[1] Lund, Aron, et al. “The Syrian Rebel Who Tried to Build an Islamist Paradise.” POLITICO, POLITICO, 31 Mar. 2017, www.politico.com/magazine/story/2017/03/the-syrian-rebel-who-built-an-is....

[2] “Key Syrian rebels reject National Coalition.” Al Jazeera. Al Jazeera, 25 Sep. 2013. Web. 7 Jul. 2016; Evans, Dominic. “Factbox: Syrian rebels against opposition coalition.” Reuters. Thomas Reuters, 25 Sep. 2013. Web. 29 Jun. 2016.

[3] Ouiess, Hadeel. “The Rebel commander of Damascus.” The Daily Beast. The Daily Beast, 15 Dec. 2015. Web. 13 Jul. 2016.

[4] Lund, Aron, et al. “The Syrian Rebel Who Tried to Build an Islamist Paradise.” POLITICO, POLITICO, 31 Mar. 2017, www.politico.com/magazine/story/2017/03/the-syrian-rebel-who-built-an-is....

[5] Lund, Aron, et al. “The Syrian Rebel Who Tried to Build an Islamist Paradise.” POLITICO, POLITICO, 31 Mar. 2017, www.politico.com/magazine/story/2017/03/the-syrian-rebel-who-built-an-is....

[6] Landis, Joshua. “ Zahran `Alloush: His Ideology and Beliefs.” Syria Comment. Joshua Landis, 15 Dec. 2013. Web. 15 Jul. 2016.

[7] Ouiess, Hadeel. “The Rebel commander of Damascus.” The Daily Beast. The Daily Beast, 15 Dec. 2015. Web. 13 Jul. 2016.

Political Activities

In 2014, Jaysh al-Islam established the Unified Judiciary Council, a joint civilian governance body composed of scholars of Islamic law that controls the legal affairs of opposition groups in Damascus. The Council presides over matters concerning criminal law, family status, and civilian issues. It maintains several courts in Eastern Ghouta, an agricultural belt in the Damascus governorate. Seventeen different factions, including Jabhat Fateh al-Sham (Fateh al-Sham) and Ahrar al-Sham, initially ceded their legal power to the Council; however, support from various groups has fluctuated over time. Fateh al-Sham, for example, withdrew its support shortly after the Council’s founding. In early 2015, Jaysh al-Islam’s leader Zahran Alloush launched a crackdown against the Ummah Army, an organization composed of rival opposition brigades that was attempting to break away from the Council. Despite these defections, analysts refer to the Council as one of the most successful governance projects among opposition forces due to its high degree of coordination among a variety of groups and its willingness to allow civilians to pursue legal cases against military commanders.[1]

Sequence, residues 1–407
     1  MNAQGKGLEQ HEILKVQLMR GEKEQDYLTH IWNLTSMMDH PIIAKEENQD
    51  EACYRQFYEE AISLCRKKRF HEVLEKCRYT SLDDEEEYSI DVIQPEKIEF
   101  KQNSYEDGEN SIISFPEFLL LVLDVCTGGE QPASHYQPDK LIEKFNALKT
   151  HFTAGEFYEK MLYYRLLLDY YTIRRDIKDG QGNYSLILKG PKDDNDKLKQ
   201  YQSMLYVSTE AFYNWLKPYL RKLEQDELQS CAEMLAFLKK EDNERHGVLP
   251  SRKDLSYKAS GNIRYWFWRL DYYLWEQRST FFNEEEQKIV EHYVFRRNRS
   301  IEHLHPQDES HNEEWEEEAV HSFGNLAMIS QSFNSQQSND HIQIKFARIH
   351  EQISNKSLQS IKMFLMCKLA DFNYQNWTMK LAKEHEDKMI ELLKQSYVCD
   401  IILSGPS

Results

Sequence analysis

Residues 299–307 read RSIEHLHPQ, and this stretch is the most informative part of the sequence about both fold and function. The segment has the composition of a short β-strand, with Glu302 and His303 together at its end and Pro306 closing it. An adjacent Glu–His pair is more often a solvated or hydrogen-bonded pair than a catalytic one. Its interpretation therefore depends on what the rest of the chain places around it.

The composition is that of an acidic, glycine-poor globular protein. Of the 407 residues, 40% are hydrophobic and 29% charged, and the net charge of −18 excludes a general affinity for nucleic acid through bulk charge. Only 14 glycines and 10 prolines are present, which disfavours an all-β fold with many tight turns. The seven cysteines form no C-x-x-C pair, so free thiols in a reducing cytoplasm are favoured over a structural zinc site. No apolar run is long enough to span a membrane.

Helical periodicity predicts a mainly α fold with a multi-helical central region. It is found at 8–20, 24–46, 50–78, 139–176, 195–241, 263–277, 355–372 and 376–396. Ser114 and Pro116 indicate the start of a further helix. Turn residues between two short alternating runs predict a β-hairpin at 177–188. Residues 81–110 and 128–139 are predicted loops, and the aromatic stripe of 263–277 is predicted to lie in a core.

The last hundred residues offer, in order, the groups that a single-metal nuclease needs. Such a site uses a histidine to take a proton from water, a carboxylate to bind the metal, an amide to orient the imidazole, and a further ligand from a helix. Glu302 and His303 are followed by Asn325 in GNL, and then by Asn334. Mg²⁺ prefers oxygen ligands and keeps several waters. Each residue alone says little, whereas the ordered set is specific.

Though Jaysh al-Islam was initially hostile to Syrian peace negotiations, it eventually became active in peace talks with the Assad Regime. In December 2015, the group participated in a conference in Saudi Arabia and agreed to form the High Negotiations Committee for the Syrian Revolution and Opposition Forces (HNC).[2] Jaysh al-Islam’s political leader, Mohammed Alloush, was appointed as the HNC’s chief negotiator. However, Alloush resigned from his position in May 2016 after the HNC suspended peace talks with the Assad Regime over worsening conditions on the ground in Syria. [3]  In January 2017, Mohammad Alloush announced that he would lead an opposition delegation in peace talks with the Assad Regime in Kazakhstan.[4] While Alloush led peace talks in January, February and May 2017, he did not attend the July 2017 talks in Kazakhstan as part of the opposition delegation.[5] In October 2017, talks in Kazakhstan continued, including demarcating four de-escalation zones that house up to 800,000 citizens.[6] However, Russian-backed government forces reclaimed three of the four zones, leaving only Idlib under rebel control.[7] Included in these talks were delegations from the Syrian government, as well as rebel groups including Jaysh al-Islam and Ahrar al-Sham.[8] The talks were to be led by Russian, Iranian and Turkish ministers. Talks in Astana continued through November 2018 but ended in no results. The next talks in Astana were scheduled for February 2019.[9]

In addition to its peace efforts with the Syrian government, Jaysh al-Islam participated in ceasefire negotiations with Russian forces in July 2017. After three days of negotiations mediated by Egyptian officials, Jaysh al-Islam and the Russian Defense Ministry signed an agreement to cease hostilities and establish Russian military checkpoints in Eastern Ghouta and the city of Homs.[10]